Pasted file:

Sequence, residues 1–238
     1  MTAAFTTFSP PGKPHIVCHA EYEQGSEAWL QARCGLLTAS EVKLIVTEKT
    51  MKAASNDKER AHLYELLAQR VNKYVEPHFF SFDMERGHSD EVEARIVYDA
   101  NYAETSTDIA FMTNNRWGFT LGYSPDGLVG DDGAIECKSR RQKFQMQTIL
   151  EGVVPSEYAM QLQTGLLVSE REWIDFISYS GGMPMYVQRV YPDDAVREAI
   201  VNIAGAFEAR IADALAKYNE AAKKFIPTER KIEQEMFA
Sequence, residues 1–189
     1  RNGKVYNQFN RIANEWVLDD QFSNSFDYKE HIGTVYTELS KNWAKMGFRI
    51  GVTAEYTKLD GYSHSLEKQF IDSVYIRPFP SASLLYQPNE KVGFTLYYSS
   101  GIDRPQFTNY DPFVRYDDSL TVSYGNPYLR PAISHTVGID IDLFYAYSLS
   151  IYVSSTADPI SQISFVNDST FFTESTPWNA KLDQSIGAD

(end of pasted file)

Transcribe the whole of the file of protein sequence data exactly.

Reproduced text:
Sequence, residues 1–238
     1  MTAAFTTFSP PGKPHIVCHA EYEQGSEAWL QARCGLLTAS EVKLIVTEKT
    51  MKAASNDKER AHLYELLAQR VNKYVEPHFF SFDMERGHSD EVEARIVYDA
   101  NYAETSTDIA FMTNNRWGFT LGYSPDGLVG DDGAIECKSR RQKFQMQTIL
   151  EGVVPSEYAM QLQTGLLVSE REWIDFISYS GGMPMYVQRV YPDDAVREAI
   201  VNIAGAFEAR IADALAKYNE AAKKFIPTER KIEQEMFA
Sequence, residues 1–189
     1  RNGKVYNQFN RIANEWVLDD QFSNSFDYKE HIGTVYTELS KNWAKMGFRI
    51  GVTAEYTKLD GYSHSLEKQF IDSVYIRPFP SASLLYQPNE KVGFTLYYSS
   101  GIDRPQFTNY DPFVRYDDSL TVSYGNPYLR PAISHTVGID IDLFYAYSLS
   151  IYVSSTADPI SQISFVNDST FFTESTPWNA KLDQSIGAD